of the multistate system or producing great uncertainty for litigants. Defendants cannot do so.
Although applying New York law would advance the general goal of keeping minor accident claims out of the tort system, applying New York's stricter threshold requirement would impair the multi-state system "by appearing to favor the local party." Heisler, 884 F. Supp. at 131-32; see Cooney, 595 N.Y.S.2d at 923-24. But see Reach v. Pearson, 860 F. Supp. 141, 143 (S.D.N.Y. 1994) (without discussing Neumeier rules, court applied New York law of remedies to action brought by New Jersey plaintiffs against New York defendants for injuries sustained in accident that occurred in Quebec).
Moreover, displacing Connecticut law would cause uncertainty for litigants. Plaintiff purchased her policy in New Jersey and she was in Connecticut when the accident occurred. She had no relevant contacts with New York such that she would have expected New York law to govern her rights with respect to an accident occurring in Connecticut. In contrast, defendant Gregory Somoza voluntarily associated with Connecticut by driving there.
Both New York and New Jersey have an interest in protecting the expectations of their respective domiciliaries and furthering the purposes of their no-fault laws. Where the interests of each state in enforcing its loss-allocation rule are roughly equal, the law of the "situs of the tort is appropriate as a 'tie-breaker' because that is the only State with which both parties have purposefully associated themselves in a significant way." Cooney, 595 N.Y.S.2d at 923; see Esco Fasteners, Co. v. Korea Hinomoto Co., 928 F. Supp. 252, 1996 U.S. Dist. LEXIS 8398, No. CV-95-4818, 1996 WL 328036, at *4 (E.D.N.Y. June 12, 1996); Heisler, 884 F. Supp. at 131-32. As Connecticut is the only state that both parties have voluntarily associated with, it is fair that Connecticut law govern.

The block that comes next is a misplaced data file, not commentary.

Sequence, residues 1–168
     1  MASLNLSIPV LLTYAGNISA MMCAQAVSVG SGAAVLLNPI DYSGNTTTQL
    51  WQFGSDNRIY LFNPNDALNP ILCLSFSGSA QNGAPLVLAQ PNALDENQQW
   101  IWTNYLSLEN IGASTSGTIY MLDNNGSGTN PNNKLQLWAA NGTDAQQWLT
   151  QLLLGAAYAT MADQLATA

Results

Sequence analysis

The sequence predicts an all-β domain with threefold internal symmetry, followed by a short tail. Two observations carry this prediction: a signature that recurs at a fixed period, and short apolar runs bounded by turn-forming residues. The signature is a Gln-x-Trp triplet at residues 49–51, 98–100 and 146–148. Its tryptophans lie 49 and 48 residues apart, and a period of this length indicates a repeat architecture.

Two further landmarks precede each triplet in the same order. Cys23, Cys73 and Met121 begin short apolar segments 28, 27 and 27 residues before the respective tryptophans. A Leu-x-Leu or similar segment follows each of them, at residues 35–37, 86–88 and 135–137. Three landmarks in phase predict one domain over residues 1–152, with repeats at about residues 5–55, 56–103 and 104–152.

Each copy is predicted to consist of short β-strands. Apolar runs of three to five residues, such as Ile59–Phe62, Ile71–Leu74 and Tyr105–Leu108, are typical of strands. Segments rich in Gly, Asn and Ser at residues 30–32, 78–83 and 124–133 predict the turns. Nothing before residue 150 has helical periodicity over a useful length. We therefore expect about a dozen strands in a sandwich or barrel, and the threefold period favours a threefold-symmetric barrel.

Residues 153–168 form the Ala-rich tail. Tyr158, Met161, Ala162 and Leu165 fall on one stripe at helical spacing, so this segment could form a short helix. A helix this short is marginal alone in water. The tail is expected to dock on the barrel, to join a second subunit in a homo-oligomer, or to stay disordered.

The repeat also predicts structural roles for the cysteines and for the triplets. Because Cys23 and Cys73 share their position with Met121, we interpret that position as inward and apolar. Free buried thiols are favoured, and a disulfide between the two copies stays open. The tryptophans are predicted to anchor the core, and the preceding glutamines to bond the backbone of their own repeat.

Because defendants have not shown that applying New York law will further the relevant substantive law purposes without disturbing the multi-state system or causing uncertainty for litigants, the law of Connecticut applies to the issue of whether plaintiff can recover damages for pain and suffering.
2. The Public Policy Exception
The Somozas also argue that New York law should be applied because applying Connecticut's $ 400 threshold in this case would frustrate the public policy underlying New York's no-fault statute. Although New York eliminated its dollar threshold to prevent inflation of expenses, the public policy exception should not be applied simply because New York's statutory scheme differs from that of another state. Cooney, 595 N.Y.S.2d at 285. Rather, "in view of modern choice of law doctrine, resort to the public policy exception should be reserved for those foreign laws that are truly obnoxious." Id. As it cannot be said that the $ 400 threshold is "truly obnoxious" to New York's public policy, defendants' argument is rejected.
For the reasons set forth above, Connecticut law governs plaintiff's ability to seek non-economic damages. Accordingly, plaintiff's motion for a declaration that Connecticut law applies is granted and defendants' cross-motion for a declaration that New York law applies is denied.
Dated: New York, New York
July 25, 1996
United States District Judge